Americans seem to have a love affair with those who kill. Be it a nut-case in Florida who gets famous from their bigotry, an infamous serial killer, or our newly evolved mass murderers, we can not help but turn our eyes to these stories of horror and tragedy. I myself am one of those people. I have no qualms about it, no hesitation in admitting that I am part of this collective fascination. In my experience, I tend to be most intrigued by the psyche of the serial killer. What makes them tick, how they hunt, why they kill: these are all main points of curiosity for me. Oddly enough, I don’t feel that this is an uncommon occurrence. With books like A Voice In The Dark, fans of this genre are gifted with a unique and insulated look into one such person’s mind.
In the pages of “A Voice In The Dark #6,” we are given a crash-course in how to hunt and stalk your prey via the now obsessed Zoey. Thanks to the succinct “Previously On” blurb in the front of the book, readers who may just be jumping on are given all of the information they need to know before being dropped straight in the middle of her predicament. However, before we start on that, readers should take note that this book features a trigger warning: “This issue contains attempted sexual assault.” More on that later. Let’s get back to the story.
For over a hundred days now, Zoey has thought only about killing again. Her target was acquired weeks ago, unbeknownst to poor Mandy Jenkins; in that time, much planning and stalking has gone on. It is also in that time that we get to read Zoey’s thoughts, with the Dear Diary story device continuing to do most of the heavy lifting for the exposition throughout the book. Without giving anything away, it is a quiet, slow several pages. But that doesn’t mean that it isn’t fascinating. To hear Zoey analyze the logistics and timing of her kill, or to acknowledge that she has completely given in to her darker side is extremely interesting. It isn’t cheap or asking for understanding, either, like Dexter. Even though the two killers couldn’t be more different, the “voice-over” narration technique certainly reminds me of that show, but again, instead of laying out why her killing is justified, Zoey is simply cold and calculating.
On the outside, she still has to deal with college life and her outward reality. There are still issues with her friends that need to be dealt with and she needs to be seen as sociable. If you’re going to plan to murder people in secret, Zoey knows that you need to be seen as the last person capable of such a thing. I will say, the exchanges between Zoey and Mona felt a little dry, though—natural, but a bit dry. Even though they only go on for two pages, it felt like longer than that. Maybe because Zoey comes off as being so wooden. I realize that is a strange thing to say about two voiceless characters on a page. But even when I read it in my mind her responses felt a little bit stiff. Maybe that was the point of the scene, but I’m not so sure.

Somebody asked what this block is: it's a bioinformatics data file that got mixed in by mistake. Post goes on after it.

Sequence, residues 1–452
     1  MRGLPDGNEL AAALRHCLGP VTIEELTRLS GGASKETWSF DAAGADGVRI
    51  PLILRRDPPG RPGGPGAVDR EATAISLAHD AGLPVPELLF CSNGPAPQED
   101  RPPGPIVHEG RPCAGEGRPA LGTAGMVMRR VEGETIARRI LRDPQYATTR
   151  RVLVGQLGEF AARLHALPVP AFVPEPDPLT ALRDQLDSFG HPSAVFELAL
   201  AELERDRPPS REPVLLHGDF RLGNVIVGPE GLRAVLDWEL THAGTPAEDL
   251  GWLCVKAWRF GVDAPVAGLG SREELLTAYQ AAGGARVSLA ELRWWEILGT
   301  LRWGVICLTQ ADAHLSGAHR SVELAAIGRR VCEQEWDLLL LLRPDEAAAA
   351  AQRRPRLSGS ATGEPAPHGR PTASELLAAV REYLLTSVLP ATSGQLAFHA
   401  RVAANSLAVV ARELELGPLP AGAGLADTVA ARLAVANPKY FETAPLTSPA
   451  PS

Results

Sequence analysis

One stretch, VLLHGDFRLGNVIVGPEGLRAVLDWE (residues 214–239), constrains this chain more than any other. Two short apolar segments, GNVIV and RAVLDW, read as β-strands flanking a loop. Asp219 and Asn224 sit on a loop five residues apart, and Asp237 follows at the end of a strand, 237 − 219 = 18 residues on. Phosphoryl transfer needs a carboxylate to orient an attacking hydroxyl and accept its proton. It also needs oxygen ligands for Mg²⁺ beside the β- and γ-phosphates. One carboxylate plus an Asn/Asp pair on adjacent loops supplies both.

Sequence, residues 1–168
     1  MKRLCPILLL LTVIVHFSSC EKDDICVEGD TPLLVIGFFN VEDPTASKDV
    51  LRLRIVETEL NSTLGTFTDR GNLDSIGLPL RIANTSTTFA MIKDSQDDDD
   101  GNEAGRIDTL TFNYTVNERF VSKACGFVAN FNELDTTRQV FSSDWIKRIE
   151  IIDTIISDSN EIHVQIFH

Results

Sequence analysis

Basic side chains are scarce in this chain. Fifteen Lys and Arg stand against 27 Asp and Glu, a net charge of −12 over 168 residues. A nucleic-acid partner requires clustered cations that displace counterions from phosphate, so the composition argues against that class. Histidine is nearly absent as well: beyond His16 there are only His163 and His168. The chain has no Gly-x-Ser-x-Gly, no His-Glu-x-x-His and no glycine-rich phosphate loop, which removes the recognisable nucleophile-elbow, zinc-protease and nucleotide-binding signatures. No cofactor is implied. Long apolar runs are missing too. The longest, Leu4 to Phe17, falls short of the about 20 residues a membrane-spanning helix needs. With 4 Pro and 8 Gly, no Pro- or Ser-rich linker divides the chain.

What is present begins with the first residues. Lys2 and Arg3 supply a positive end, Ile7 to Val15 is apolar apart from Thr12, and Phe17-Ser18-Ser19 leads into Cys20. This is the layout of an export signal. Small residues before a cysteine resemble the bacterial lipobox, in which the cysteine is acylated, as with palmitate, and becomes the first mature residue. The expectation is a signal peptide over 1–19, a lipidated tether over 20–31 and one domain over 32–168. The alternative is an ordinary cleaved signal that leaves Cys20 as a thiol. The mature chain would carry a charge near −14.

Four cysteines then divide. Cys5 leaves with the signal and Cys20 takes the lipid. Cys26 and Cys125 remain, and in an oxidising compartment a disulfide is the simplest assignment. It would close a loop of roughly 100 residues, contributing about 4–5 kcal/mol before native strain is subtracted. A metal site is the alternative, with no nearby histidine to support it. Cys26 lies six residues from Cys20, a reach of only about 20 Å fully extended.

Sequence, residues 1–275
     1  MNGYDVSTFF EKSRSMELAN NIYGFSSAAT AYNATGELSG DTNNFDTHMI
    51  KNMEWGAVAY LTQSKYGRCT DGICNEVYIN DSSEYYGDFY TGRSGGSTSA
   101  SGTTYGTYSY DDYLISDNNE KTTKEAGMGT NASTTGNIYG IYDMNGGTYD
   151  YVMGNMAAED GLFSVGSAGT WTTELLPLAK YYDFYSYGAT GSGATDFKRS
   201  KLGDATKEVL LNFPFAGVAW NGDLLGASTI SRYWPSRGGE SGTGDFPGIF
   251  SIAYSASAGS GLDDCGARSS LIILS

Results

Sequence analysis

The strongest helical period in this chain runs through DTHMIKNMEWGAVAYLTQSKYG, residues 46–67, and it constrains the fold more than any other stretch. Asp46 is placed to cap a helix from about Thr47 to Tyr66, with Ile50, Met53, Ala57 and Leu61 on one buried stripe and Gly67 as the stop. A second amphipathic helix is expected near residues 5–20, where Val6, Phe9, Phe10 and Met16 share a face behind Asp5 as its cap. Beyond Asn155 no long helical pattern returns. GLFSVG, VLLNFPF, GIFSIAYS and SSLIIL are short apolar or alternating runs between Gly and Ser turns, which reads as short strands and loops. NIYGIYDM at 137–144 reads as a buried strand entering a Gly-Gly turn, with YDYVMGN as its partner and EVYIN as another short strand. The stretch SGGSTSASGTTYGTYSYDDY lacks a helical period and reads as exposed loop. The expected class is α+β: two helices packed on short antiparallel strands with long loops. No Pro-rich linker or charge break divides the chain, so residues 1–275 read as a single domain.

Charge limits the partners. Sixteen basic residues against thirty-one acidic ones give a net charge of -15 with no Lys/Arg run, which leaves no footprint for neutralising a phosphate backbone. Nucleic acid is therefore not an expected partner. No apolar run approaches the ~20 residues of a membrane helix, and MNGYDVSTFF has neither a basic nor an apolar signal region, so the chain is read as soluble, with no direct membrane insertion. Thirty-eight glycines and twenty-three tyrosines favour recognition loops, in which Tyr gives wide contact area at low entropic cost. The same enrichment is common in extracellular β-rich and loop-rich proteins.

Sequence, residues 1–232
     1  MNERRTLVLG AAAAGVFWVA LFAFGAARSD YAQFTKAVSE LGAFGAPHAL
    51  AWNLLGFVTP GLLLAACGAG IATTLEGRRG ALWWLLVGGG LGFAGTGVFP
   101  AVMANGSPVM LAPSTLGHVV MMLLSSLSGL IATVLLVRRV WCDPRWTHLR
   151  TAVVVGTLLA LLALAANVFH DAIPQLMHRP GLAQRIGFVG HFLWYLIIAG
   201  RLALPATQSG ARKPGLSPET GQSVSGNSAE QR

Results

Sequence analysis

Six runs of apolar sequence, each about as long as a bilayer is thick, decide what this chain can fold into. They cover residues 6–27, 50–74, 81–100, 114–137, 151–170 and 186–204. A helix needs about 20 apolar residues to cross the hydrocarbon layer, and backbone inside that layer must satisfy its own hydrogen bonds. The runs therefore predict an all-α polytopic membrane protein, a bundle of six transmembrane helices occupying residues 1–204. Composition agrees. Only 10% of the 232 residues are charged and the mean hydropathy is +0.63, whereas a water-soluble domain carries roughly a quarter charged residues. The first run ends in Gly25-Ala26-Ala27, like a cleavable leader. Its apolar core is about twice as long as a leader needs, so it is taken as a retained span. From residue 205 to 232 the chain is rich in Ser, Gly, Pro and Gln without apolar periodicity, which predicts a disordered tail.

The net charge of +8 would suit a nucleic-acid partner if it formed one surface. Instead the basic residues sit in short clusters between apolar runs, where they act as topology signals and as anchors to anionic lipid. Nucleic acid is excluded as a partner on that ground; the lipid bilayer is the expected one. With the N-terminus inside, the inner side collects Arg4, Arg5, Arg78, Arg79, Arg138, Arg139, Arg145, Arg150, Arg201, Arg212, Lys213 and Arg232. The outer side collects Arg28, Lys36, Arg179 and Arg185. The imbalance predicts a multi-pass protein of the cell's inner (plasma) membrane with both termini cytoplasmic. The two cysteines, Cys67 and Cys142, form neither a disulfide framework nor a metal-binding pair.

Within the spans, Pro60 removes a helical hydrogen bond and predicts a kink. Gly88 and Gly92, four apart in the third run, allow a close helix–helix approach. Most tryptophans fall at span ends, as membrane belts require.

Though things do get much more interesting when Zoey gets back to her “work.” Again, without spoiling anything, Zoey is put into a position where she has to do on the scene reconnaissance work and it is here where the trigger warning from the front of the book needs to be addressed. For anyone who might be afraid of this going the way Invincible did last week, fear not. Thankfully, the attempted assault isn’t focused on for nearly as long as Mark Grayson’s was. It does however set up a new twist in the plot. Fuel has been poured on to Zoey’s dark fire and now she wants more blood than she had previously anticipated. Are we already seeing glimpses of that happening in the pages of the previous issues? Do we already know what’s happened and we just don’t know it-know it? We shall see.
I continue to find myself impressed by this book for so many reasons. As many of you already know, Larime Taylor draws this book with his mouth. That is true and it is also why you won’t ever see me critiquing that portion of any of his books. Of course things need work in certain areas, but after six issues, it only feels rude to point them out. It is an achievement that this book comes out month-to-month and I’m glad we get to keep reading it. Despite those flaws, the writing is some of the most impressive in the medium, right now. In fact, since this book relies so heavily on the writing, it almost has to be. Zoey is a completely three-dimensional person and her inner struggle can be both fascinating and disturbing. How she finally comes to end her hunt has yet to be seen, but it feels like it is right around the corner. The suspense is killing me! (I should be murdered for that one.)
“A Voice In The Dark #6” earns a cold, calm, and calculating 8/10